Tuesday, April 28, 2009


I've discovered a foolproof method of getting my kids to eat absolutely anything I want them to eat - the catch? The invention - and patent - is impossible.

I have always marveled at Aidan's willingness to eat anything that grows outside. As a toddler, Aidan refused most vegetables - except the cherry tomatoes we grow on the deck, and the ones from my parents' garden. Sun-ripened, warm from the sunshine and the heat of the day, Aidan would eagerly eat one after another, and clearly his preference also included eating them with Grandpa.

In California last summer on the Vanoni farm, Leo and Aidan both grazed from sun up to sun down on the plethora of foods the farm has to offer - plump red strawberries; luscious, full blueberries; mouth-puckering lemons; gorgeous green avocados like nothing you'll ever see in an East coast store. Sometimes, Leo didn't even discriminate between ripe and unripe: if he could pick it, he would eat it. It was every mother's dream.

I nearly fell of the trail last month when we were hiking with my brother and his family. Aunt Linsey found wild arugula growing, and although lettuce has never crossed the child's lips before in his life, Aidan could not get enough of the wild greens.

As our humble garden slowly awakens to spring, some perennial herbs have returned, including mint and chives. For some reason beyond all comprehension, both boys love the chives, and munch on them every time we go outside. Personally, I like the chives only as a deer deterrant and for the cute purple flowers they sprout; raw onions make me cranky, and chives are no exception. I am nearly repulsed when the boys come in with their oniony breath after what was supposed to be a quick jaunt up to the mailbox! They always manage a detour by the patch of herbs....

And so, my invention: anything I am hoping to get the kids to eat, I will plant in the ground and grow on a vine. I'm not talking carrots and peas here, I'm talking all the dinners I slave over each night! Pasta Primavera, delicately bursting from thin green vines... Black Bean Enchilladas stoutly springing from thick woody branches.... Curried Chicken curling off straight green stems.... and Seared Salmon spreading like ground cover on the hill. Fine, I'm not actually the next Einstein, but at least I've dished up some interesting food for thought.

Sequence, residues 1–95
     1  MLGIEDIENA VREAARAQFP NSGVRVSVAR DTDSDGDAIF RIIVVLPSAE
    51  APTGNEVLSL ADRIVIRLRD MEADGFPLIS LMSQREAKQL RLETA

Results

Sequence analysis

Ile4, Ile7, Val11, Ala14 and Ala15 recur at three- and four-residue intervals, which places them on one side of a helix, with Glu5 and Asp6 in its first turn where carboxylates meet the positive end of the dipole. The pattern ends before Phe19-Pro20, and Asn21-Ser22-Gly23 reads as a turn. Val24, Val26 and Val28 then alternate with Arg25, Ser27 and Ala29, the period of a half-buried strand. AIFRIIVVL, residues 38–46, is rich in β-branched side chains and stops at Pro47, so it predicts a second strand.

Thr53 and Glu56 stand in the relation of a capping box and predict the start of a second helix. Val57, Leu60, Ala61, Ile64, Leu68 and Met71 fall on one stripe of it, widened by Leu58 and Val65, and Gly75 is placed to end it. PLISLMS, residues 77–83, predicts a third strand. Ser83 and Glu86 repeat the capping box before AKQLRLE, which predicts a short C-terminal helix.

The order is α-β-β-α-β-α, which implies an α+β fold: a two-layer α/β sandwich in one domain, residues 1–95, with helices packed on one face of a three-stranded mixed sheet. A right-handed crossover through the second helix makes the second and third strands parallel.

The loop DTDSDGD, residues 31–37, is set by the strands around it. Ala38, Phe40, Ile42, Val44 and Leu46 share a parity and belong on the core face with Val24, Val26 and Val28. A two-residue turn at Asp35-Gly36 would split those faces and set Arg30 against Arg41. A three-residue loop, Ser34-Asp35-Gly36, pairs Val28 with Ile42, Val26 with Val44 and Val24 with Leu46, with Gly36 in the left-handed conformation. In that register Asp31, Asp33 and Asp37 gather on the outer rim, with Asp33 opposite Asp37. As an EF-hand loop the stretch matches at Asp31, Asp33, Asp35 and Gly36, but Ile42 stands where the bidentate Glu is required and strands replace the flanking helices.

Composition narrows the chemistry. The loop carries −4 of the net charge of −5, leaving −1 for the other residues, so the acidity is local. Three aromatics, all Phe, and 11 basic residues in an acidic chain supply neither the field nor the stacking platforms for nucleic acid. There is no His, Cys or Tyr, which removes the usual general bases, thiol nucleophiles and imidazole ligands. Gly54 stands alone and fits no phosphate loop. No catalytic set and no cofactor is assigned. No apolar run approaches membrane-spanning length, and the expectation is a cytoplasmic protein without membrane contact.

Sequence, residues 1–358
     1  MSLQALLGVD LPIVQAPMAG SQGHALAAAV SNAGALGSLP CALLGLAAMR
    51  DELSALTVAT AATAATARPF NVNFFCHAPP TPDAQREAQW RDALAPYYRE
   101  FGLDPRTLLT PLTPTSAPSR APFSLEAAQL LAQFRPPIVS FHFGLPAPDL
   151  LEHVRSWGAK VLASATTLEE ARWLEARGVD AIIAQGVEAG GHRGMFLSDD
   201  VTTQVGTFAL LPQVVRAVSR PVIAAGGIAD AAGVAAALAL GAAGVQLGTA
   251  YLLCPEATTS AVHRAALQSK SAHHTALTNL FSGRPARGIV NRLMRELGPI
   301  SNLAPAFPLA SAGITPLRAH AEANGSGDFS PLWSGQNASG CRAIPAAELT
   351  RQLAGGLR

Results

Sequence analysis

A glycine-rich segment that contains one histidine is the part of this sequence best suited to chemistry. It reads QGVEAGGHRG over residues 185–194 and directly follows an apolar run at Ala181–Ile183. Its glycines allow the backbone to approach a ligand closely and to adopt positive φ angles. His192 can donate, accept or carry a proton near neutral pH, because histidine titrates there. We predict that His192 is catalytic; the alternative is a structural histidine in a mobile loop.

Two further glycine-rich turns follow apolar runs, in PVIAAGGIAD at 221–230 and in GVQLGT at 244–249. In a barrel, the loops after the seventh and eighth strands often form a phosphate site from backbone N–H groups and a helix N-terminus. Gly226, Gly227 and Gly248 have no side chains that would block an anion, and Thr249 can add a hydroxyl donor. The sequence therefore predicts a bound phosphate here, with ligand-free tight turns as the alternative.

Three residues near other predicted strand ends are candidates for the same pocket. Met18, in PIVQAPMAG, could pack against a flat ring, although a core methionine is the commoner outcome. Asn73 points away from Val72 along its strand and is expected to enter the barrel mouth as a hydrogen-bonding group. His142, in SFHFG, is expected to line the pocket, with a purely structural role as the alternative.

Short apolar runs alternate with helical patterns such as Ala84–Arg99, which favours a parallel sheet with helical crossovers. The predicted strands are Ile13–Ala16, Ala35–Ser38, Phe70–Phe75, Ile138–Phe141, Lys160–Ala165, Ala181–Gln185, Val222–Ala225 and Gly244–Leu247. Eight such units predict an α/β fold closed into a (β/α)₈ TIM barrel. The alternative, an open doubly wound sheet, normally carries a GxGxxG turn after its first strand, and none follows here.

Sunday, April 26, 2009


We try to capture the moments
the memory
the way you
put your "imagination hat" on:
a preschool creation lying on the floor,
you scooted your head down to meet its open cap.
only you, in that moment, would think to don the hat at floor level,
like a cat creeping into a paper bag,
rather than simply picking it up and placing it atop your head.

The memory of you, standing tippy toe to select just the right spoon to suit your taste
for your strawberry banana yogurt.
ME do it, you scream
when we try to intervene.
Gearing up to knock the truck off the table, you say
ohnoohnoohnoohno over and over and over again,
your words creating an oxymoron with the delight of the voice and
the crash you are about to make.

The memory of you together
in this moment
two imps in cahoots